UBC Theses and Dissertations
An investigation of bond formation between alumina single crystals and nickel alloys Clarke, John Frank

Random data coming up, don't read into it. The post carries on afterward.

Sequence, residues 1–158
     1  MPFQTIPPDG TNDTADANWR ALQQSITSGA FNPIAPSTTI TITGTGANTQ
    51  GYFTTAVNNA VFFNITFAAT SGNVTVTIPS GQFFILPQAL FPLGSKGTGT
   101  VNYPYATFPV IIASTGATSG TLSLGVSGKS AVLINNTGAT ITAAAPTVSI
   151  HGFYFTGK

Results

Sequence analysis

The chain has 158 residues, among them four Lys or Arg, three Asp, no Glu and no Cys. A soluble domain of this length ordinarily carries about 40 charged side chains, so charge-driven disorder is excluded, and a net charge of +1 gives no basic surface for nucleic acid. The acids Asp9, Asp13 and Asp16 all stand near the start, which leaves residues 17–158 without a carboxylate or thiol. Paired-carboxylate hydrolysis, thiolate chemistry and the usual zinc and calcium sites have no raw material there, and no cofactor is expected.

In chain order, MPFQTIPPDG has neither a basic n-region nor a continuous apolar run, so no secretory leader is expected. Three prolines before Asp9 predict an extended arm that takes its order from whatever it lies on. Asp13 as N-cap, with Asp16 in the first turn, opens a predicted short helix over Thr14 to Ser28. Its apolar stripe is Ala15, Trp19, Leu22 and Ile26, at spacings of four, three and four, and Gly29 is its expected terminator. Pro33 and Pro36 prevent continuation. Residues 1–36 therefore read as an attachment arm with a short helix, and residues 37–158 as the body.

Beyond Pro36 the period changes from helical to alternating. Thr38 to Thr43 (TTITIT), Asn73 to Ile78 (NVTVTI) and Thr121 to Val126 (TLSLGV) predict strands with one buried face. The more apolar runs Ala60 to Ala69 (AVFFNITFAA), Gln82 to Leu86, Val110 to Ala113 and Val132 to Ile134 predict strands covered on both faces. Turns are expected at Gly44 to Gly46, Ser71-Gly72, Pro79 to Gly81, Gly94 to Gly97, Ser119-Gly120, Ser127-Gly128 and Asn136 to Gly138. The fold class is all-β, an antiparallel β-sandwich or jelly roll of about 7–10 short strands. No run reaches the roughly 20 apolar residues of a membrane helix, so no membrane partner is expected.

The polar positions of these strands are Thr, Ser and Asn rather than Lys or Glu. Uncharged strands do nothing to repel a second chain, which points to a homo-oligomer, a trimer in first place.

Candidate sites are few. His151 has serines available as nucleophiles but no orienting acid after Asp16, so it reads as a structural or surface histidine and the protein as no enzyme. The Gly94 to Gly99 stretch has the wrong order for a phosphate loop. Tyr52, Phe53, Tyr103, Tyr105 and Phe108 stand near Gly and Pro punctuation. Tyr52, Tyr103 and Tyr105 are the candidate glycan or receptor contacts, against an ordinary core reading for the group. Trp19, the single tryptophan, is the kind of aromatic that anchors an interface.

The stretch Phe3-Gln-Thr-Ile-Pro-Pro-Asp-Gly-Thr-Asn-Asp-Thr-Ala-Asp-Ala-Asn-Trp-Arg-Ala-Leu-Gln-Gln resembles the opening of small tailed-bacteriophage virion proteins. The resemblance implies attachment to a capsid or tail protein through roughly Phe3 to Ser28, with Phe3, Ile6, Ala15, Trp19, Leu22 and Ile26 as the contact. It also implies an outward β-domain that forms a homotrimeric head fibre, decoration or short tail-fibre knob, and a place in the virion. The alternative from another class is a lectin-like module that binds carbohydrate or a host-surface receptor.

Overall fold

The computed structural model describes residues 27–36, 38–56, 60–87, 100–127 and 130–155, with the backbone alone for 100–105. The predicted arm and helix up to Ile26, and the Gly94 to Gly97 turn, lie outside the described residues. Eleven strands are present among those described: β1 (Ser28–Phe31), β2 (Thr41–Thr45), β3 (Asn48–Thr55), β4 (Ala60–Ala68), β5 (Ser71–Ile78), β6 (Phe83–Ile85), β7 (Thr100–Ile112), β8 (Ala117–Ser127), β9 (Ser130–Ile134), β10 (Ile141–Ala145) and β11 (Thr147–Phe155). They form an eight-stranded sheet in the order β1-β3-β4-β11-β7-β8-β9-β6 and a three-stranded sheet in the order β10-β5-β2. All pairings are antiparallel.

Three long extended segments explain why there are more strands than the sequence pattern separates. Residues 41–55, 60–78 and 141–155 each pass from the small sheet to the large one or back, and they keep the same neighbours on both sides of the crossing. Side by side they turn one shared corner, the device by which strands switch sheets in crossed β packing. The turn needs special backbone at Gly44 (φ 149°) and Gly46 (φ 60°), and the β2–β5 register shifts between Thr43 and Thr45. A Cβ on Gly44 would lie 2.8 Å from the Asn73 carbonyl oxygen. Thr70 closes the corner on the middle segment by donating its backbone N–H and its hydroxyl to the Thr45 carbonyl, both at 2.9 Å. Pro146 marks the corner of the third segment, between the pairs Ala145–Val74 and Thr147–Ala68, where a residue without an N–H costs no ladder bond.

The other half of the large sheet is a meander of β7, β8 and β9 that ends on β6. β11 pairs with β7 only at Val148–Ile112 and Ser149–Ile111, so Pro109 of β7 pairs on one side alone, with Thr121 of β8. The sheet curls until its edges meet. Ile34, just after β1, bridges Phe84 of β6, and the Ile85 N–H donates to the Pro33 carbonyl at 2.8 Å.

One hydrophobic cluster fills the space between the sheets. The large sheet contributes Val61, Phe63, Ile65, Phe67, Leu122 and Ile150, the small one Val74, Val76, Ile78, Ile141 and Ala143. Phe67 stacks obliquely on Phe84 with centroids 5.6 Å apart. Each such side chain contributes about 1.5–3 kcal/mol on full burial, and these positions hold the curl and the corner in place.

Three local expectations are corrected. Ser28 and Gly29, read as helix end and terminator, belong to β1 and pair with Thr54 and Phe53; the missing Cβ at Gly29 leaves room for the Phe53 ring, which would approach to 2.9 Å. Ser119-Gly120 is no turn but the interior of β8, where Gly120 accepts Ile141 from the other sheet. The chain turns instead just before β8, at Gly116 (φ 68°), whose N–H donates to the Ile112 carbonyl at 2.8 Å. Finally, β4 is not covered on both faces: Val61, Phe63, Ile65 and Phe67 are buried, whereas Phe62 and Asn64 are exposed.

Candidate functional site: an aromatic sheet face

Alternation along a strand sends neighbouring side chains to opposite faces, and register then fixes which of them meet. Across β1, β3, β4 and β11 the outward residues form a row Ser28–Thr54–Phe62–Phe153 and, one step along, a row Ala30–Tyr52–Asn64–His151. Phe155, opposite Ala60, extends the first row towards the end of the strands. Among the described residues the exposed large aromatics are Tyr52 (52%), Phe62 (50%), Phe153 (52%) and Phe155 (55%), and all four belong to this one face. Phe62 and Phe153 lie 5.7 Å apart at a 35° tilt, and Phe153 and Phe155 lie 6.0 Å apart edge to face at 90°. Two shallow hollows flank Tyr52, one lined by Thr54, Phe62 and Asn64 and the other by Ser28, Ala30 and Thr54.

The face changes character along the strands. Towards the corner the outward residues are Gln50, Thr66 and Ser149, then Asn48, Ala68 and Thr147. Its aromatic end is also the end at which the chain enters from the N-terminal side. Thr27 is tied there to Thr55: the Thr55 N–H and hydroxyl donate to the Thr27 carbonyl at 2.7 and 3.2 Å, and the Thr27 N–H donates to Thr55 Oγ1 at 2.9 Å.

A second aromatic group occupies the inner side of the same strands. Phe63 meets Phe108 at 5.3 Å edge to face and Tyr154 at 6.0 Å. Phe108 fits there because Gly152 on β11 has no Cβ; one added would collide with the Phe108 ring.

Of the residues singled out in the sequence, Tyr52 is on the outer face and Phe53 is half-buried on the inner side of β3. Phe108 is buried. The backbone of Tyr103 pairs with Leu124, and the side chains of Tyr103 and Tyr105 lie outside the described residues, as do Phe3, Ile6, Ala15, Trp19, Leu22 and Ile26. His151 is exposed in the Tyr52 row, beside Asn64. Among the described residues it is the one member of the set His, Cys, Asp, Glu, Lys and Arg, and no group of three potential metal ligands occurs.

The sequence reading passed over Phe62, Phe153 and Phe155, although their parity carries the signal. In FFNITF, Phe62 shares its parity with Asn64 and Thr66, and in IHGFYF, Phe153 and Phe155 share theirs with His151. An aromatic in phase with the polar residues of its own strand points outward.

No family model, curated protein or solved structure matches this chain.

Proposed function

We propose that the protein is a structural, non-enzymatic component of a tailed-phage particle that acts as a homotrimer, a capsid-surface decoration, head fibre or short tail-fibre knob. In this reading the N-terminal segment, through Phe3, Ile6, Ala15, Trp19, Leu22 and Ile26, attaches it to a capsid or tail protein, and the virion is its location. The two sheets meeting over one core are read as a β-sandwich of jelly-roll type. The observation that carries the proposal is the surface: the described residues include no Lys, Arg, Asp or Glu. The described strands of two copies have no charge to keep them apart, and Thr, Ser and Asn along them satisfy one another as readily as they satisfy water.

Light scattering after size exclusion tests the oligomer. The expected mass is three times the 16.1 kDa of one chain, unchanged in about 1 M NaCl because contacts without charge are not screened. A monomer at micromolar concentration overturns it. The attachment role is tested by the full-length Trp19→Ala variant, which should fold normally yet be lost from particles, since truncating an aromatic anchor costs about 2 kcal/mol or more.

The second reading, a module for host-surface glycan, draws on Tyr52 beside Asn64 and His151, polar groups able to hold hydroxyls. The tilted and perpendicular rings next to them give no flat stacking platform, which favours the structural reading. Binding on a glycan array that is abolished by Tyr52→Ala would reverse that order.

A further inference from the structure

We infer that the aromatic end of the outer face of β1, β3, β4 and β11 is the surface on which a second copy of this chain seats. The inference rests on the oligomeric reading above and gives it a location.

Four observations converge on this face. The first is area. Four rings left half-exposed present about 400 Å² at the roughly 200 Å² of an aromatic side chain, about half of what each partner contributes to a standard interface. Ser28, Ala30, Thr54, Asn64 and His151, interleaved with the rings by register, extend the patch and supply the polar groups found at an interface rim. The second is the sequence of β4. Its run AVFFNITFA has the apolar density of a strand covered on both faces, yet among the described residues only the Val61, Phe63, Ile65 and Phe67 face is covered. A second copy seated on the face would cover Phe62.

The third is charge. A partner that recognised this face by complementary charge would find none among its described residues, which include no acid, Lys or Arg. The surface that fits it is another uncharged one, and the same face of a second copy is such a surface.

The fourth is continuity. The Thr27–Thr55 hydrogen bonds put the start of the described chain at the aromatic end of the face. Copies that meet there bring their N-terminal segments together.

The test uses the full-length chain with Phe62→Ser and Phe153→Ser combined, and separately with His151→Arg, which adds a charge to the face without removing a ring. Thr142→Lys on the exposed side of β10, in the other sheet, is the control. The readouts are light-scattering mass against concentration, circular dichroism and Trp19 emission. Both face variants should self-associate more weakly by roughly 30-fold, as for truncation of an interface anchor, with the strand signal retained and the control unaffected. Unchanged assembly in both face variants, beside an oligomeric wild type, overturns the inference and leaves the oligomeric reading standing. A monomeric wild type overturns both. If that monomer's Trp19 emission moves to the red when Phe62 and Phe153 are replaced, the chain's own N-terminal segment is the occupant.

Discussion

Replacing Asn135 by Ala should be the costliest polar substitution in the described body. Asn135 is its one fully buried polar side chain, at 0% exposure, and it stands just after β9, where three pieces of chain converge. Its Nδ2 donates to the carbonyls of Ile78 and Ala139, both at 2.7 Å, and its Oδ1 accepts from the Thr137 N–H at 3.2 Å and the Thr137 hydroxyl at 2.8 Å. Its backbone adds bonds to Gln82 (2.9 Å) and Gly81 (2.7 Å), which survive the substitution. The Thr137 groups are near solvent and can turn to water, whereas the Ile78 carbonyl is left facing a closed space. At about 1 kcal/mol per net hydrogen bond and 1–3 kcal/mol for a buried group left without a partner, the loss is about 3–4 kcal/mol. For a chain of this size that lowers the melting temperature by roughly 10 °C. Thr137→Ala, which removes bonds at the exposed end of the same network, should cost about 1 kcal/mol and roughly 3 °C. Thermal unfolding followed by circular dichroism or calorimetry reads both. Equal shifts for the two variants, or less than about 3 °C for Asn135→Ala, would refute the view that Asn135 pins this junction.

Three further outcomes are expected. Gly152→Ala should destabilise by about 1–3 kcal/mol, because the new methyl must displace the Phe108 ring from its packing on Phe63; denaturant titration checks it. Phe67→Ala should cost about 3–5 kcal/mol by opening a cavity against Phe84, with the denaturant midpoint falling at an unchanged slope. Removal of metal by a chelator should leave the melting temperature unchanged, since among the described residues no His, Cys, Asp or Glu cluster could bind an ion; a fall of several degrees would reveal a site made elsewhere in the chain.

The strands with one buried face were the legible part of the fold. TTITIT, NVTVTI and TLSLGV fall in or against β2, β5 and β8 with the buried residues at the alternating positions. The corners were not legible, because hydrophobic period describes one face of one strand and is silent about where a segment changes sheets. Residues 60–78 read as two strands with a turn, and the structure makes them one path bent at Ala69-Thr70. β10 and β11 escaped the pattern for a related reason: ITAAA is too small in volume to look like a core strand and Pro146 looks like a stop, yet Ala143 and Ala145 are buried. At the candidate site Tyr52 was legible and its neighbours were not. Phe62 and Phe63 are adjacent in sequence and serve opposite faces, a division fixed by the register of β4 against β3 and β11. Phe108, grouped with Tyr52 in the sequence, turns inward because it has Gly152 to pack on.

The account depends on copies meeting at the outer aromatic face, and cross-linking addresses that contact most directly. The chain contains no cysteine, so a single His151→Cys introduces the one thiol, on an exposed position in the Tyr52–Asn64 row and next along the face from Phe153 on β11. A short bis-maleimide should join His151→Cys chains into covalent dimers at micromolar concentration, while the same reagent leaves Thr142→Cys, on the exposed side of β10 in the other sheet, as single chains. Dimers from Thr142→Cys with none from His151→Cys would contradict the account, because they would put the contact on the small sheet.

An investigation was conducted on the mechanisms of bond formation between alloys of nickel and single crystals of alumina. Nickel-titanium, nickel-chromium, and nickel-zirconium powder mixtures were cleaned with purified hydrogen gas at 800°C and were individually melted under vacuum (10⁻⁵ m.m. of Hg) in contact with alumina. Interfacial energy measurements at 1500°C were made by the sessile-drop method. The bond surfaces were examined by X-ray fluorescence and X-ray diffraction techniques. The bond formation in all cases appeared to involve two basic mechanisms - metal solute segregation and interfacial reaction. By interfacial measurements and X-ray fluorescence analyses, the solute atoms, titanium and chromium, were shown to be selectively adsorbed at the metal-ceramic interface. Interfacial reaction products were detected by X-ray diffraction methods. The adsorbed titanium reacted with the alumina to produce an interfacial layer of alpha titanium sesqui oxide (⍺-Ti₂0₃). Adsorbed chromium similarly reacted with the alumina to form an interfacial compound. However, this compound could not be identified. With nickel-zirconium alloys, the violence of the reaction between zirconium and alumina made experimental measurements impossible.
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